Trump’s Taxes

Tomorrow, instead of going to my favorite café for breakfast, I’ll go to some sad drive-through. The café is closed, so I have to eat alone in my office.

Then I’ll drive to a mostly empty campus. I’ll have to waste a buttload of time trying to return a book that I borrowed from another college back in February. They haven’t reopened and are charging fines while making it impossible to return anything.

I’ll sweat through two lectures under a face shield and strain my hearing to decipher what students are saying under their masks.

In my office, I will scroll through many emails from the administration and pretend not to see political slogans that I find insulting in the signatures. I’ll miss our discussion board that was shut down because it “doesn’t serve the needs of social justice.” I’ll delete a bunch of messages urging me to attend indoctrination sessions where I will be told that my existence is evil.

Instead of talking to my parents in person because they are normally here this time of year, I’ll call on the phone. Instead of taking my kid to the dance lesson, the kids’ gym or the museum, I’ll take her home. At home, I’ll explain to my husband why we can’t put up a political sign without fearing for our safety.

All day long, I’ll silence, censor and edit myself. I’ll pretend not to hear questions, not to notice statements, not to have opinions, and not to have a voice. I’m pretty much at a limit of how much literal and metaphoric muzzling I can take, and it’s only a little over a month before we collectively decide whether we enthusiastically embrace a lot more muzzling.

21 thoughts on “Trump’s Taxes”

  1. “All day long, I’ll silence, censor and edit myself”

    Little did you realize back in 1998(?) that instead of emigrating away from the Soviet mentality you so despised you were ultimately just outrunning it for a while….

    That maybe sounds harsher than I intended, but I have similar thoughts – there are parts of American reality that I hate and despise and I’m not…. happy seeing them enthusiastically accepted in Europe…


  2. Ah, Clarissa, do I hear you saying that the bombshell NYTimes news about “TRUMP’S TAXES!” (all that loot he didn’t pay) threatens you mainly as a stigmata that Trump haters can apply to you as an example of how evil you are for daring to support Trump’s moderately conservative Republican political agenda and policies, against the madness of the Biden-AOC-Beto-Warren Green New Deal that will end fracking forever, while mangling the economy, destroying your suburbs, and looking the other way while the cities burn down in anarchy? So expressing your honest political opinions could cause you and your family considerable grief??

    Fortunately, I have the luxury of being immune to the howl of the mob. I live alone, I’m long retired, I’m independently wealthy, and I require the political agreement of NO ONE to believe whatever I goddamn want. So I can say out loud:

    I don’t CARE about Trump’s taxes — or his character — or even if he initially fucked up the coronavirus mess (along with Gov. Cuomo and everybody else who got it wrong). I’m interested in political policy actions going forward, and that means supporting reopening the economy, low taxes, reduced regulations, conservative justices, enforcing law and order vigorously, avoiding senseless foreign wars, not allowing PC-madness to force me to call men with beards “she” or “they” and insist that they be allowed in women’s prisons, etc.

    A politician’s actions speak louder than his tweets or stupid words or his past business deals (not that Biden, with his obvious shielding of his son Hunter’s behavior is any better) — and Trump’s general polices over the past three years, and his stated plans for the next term, point to a future that I can live with. Biden’s ever-changing, evermore far-left fantasy projections that change every time AOC and Bernie talk to him, scare the hell out of me. They’ll never come to fruition, but the attempts to implement them could be disastrous for the country.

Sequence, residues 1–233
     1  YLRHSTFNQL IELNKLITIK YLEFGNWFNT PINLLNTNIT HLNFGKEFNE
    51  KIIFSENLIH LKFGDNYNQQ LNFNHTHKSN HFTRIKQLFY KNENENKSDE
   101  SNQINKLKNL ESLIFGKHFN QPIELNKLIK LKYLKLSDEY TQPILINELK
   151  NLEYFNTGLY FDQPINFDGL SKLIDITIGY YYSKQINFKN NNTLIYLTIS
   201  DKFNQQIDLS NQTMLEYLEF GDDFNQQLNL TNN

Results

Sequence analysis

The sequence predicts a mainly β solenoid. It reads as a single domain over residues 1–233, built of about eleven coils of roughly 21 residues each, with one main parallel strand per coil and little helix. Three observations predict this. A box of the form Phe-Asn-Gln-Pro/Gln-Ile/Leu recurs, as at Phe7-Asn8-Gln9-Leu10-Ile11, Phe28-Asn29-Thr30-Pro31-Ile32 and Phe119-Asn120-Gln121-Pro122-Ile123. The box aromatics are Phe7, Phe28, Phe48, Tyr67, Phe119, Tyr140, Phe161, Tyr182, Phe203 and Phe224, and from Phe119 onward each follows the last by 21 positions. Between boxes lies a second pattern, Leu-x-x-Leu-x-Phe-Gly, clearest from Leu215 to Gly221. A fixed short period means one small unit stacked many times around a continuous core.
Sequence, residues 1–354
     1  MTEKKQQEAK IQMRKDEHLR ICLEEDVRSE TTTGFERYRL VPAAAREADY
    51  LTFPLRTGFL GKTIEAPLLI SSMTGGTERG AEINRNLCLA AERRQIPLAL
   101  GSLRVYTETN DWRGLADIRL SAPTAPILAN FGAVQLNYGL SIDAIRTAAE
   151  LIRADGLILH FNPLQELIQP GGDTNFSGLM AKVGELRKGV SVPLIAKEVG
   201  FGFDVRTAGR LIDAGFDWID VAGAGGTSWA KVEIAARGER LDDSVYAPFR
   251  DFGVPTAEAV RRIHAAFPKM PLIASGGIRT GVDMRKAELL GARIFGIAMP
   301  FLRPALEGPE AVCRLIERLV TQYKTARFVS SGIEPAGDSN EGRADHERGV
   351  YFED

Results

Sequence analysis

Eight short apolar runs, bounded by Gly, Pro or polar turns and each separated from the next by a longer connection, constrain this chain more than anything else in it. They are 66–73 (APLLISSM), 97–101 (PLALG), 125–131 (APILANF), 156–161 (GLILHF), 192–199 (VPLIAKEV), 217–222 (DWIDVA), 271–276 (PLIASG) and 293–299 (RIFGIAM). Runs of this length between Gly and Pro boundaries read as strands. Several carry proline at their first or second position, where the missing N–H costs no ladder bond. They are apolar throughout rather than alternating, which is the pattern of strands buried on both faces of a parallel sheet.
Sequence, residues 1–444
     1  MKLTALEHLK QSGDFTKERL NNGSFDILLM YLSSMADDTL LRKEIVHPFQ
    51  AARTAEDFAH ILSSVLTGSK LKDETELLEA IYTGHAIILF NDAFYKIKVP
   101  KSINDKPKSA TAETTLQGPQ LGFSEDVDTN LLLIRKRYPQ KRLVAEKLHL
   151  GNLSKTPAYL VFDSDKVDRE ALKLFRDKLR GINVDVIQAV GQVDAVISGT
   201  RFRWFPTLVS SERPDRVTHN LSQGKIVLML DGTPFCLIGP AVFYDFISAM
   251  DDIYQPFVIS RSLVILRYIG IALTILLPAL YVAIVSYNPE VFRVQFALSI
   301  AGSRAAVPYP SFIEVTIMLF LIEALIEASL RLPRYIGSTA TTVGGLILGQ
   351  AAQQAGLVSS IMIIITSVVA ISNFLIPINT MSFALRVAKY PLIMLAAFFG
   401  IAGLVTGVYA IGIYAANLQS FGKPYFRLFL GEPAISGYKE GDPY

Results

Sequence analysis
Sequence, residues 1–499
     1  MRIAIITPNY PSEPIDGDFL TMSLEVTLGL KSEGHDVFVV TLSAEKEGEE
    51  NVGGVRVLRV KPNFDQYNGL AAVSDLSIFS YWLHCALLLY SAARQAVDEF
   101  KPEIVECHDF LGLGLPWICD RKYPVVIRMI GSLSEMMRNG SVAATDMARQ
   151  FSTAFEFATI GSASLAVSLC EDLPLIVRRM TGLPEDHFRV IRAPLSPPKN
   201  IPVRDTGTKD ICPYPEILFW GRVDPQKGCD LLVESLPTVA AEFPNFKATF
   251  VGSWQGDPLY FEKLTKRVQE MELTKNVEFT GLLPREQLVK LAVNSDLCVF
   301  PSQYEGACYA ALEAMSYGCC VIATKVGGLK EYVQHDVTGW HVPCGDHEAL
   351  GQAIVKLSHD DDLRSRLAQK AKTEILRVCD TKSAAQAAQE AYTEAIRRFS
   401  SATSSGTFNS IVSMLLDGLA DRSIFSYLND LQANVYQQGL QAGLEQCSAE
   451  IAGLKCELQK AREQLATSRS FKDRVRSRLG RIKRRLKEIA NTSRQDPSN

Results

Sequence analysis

So the coming election is becoming an increasingly easy choice.


    1. I’m with you 100%. Even my extremely apolitical husband is asking when we are going to put up a Trump-Pence sign. My parents who almost cried when Trump won in 2016 are calling to ask how it’s possible that so many people are supporting “crazy Biden.”

      I still can’t believe that I’m going to vote Republican in my first presidential election as a citizen but here we are.


      1. I’m on the same boat. Republicans top to bottom for the first time in my life. I can’t get over how disappointed I’m by the Dems. Even with the schools reopening, the primarily Republican townships in my area are in hybrid while my Democrat-run town decided on fully remote. Meanwhile, nobody died of Corona in 3 months in the whole county.

        Liked by 1 person

        1. I was going to vote Trump/Republican anyway. I’m legit conservative, even if I didn’t vote for Trump last time around. But I appreciate the softening, modulating effect of having an actual opposition party. So I have very mixed feelings going into this election. I hope, for the sake of the whole country, that the Democrats get the trouncing they so richly deserve. But I’m afraid that since they spent the last four years learning absolutely nothing from their previous defeat, that the blowback will be so great it’ll simply wipe out the party. And then Republicans will be running unopposed for… a decade? I don’t think that would be a good thing.

          The glimmer of hope I see in there, is that the destruction of the Democrat party might finally make room for the new political configurations that have been trying to emerge for some time now, but which the major parties had no space for. I mean, there’s no logical reason why support for universal healthcare has to be paired with support for abortion-without-limits. There’s no reason why cultural conservatism should be the enemy of environmental conservation. I would love to see the Democrats reduced to such straits that we see four or five viable small parties emerge from their ruin– some of which can legitimately compete for the mass of voters currently supporting Trump, not because they want to, but because they have no sane alternatives.